Use BitTorrent? You're being watched
Anyone foolhardy enough to download content from file-sharing service BitTorrent is likely to find their activity's being monitored within hours.
Research from Birmingham University computer scientists shows that it's not just serial downloaders that can expect to find themselves being tracked - it happens to first-time users too.
Over a three-year period, the team created software that acted like a BitTorrent file-sharing client and logged all the connections made to it. They found that in the case of particularly popular content, it was monitored within hours.
"Forty percent of the monitors that communicated with our clients made their initial connection within three hours of the client joining the swarm; the slowest monitor took 33 hours to make its first connection," says the team in its paper.
"The average time decreases for torrents appearing higher in the Top 100, implying that enforcement agencies allocate resources according to the popularity of the content they monitor."
Companies often outsource the task of policing BitTorrent to specialist copyright enforcement agencies. The team found around ten organizations carrying out monitoring, but said several were hard to identify, as they were using third-party hosting firms.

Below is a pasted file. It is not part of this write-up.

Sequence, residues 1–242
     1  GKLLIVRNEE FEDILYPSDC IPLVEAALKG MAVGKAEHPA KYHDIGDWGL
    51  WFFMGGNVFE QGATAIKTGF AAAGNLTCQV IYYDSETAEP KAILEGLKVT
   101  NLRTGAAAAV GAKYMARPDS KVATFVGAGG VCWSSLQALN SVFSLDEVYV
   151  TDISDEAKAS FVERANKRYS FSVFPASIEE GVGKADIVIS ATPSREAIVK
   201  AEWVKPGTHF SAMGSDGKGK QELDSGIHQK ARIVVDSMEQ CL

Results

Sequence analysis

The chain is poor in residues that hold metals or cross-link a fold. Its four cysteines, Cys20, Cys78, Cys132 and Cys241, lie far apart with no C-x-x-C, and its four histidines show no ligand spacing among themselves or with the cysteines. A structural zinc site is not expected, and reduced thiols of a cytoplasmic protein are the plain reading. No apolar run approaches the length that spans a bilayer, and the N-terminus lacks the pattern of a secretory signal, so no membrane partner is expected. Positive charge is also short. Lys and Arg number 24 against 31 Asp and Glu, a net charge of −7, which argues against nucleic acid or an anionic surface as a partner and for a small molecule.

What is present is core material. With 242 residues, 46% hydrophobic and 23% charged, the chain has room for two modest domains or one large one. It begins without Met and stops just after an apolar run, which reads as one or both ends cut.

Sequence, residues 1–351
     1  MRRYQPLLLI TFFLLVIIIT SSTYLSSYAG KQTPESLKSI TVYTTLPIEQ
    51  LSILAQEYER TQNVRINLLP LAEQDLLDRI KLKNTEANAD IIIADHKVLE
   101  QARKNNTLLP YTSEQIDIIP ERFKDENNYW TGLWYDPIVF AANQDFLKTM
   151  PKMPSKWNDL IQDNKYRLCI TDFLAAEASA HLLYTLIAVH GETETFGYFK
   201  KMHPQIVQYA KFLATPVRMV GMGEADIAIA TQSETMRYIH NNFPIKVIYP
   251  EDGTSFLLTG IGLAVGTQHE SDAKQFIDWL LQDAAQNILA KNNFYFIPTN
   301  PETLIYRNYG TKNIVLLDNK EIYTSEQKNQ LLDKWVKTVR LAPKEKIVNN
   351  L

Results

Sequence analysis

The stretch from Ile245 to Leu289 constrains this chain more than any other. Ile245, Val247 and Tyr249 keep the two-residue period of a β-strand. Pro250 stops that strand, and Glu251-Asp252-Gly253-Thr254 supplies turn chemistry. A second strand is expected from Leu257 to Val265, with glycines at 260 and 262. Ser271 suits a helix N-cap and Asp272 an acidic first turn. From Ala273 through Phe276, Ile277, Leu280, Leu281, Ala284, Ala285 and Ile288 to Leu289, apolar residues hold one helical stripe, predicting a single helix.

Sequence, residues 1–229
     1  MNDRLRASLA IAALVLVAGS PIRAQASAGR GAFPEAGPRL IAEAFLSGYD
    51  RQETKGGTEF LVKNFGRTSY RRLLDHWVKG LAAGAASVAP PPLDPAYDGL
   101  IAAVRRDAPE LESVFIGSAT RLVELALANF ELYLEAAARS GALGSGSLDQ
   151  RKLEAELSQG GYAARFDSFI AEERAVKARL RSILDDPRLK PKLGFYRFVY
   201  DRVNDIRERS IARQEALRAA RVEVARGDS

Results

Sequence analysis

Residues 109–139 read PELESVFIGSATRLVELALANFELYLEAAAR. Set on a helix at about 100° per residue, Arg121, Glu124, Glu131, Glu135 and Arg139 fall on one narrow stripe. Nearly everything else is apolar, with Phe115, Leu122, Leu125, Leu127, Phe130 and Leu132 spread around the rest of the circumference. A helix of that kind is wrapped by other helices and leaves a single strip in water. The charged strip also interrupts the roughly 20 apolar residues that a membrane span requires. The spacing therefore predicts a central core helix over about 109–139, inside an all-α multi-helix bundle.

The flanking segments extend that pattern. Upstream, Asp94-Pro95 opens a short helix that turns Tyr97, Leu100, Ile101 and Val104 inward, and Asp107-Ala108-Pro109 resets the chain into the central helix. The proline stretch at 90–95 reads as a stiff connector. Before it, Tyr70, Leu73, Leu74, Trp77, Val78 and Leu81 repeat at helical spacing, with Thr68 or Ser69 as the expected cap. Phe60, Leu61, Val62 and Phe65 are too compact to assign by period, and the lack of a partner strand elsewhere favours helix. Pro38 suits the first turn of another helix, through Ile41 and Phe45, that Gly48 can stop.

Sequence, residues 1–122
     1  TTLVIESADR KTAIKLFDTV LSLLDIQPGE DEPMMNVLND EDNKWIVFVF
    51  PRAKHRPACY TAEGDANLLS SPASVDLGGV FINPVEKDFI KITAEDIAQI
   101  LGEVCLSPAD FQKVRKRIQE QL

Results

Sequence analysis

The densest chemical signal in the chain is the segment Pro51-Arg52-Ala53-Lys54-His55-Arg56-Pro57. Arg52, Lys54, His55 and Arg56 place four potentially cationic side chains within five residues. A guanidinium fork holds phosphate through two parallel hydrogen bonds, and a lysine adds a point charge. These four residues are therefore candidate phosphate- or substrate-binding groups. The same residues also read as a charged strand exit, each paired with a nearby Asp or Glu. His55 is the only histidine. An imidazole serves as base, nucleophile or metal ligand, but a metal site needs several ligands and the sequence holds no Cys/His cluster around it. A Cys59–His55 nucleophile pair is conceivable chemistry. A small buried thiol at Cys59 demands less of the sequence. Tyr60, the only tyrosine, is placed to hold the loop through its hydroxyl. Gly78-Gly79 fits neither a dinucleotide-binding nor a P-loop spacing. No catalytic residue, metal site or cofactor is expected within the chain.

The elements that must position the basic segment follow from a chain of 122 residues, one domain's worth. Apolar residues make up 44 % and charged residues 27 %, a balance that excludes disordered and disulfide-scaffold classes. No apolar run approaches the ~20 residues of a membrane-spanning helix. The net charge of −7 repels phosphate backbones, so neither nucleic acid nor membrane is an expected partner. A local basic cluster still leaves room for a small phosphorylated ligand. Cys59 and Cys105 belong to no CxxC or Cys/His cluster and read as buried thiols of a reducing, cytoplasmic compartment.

"One key aspect of BitTorrent monitoring is the precise set of techniques employed by enforcement agencies, which have never been disclosed publicly," say the researchers.
Nor is it clear what the information's being used for. Because the monitors don't actually collect any of the content, the data probably couldn't be used as evidence of illegal file sharing in court.
"It's certainly not like we haven't seen businesses use copyright-infringement monitoring services to shake people down in what clearly looks like extortion," says Lisa Vaas of security for Sophos.
"Case in point is a recent Kentucky class action suit that accused porn studios of extorting BitTorrent users, looking for payouts of $1,000 to $5,000 from victims too embarrassed or shamed to defend themselves in court.
"As the Kentucky lawsuit claims, this isn't simply a war on piracy; rather, it's a 'new business model' that's not set up to deter illegal downloads but is instead set up simply to squeeze profit from its victims."